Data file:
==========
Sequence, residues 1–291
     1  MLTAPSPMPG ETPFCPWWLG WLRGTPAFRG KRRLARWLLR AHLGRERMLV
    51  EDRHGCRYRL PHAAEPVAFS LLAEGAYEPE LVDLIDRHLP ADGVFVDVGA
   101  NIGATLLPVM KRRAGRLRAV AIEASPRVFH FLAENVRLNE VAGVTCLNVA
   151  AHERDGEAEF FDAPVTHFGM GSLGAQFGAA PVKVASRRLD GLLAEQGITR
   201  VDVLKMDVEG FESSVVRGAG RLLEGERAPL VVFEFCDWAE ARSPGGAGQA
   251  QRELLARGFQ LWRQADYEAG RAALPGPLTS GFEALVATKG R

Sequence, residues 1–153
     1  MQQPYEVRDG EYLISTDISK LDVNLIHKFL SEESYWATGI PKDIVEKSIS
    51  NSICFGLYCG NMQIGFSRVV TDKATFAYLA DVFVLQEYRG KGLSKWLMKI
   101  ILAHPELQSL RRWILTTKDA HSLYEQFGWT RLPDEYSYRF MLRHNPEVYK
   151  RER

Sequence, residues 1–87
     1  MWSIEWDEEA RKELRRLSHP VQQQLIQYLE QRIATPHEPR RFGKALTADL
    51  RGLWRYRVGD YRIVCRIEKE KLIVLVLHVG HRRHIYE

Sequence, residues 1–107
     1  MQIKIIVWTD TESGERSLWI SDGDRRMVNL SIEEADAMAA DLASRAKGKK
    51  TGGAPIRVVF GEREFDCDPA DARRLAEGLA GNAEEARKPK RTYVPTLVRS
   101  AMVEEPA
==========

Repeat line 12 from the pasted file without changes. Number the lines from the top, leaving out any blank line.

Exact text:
   151  RER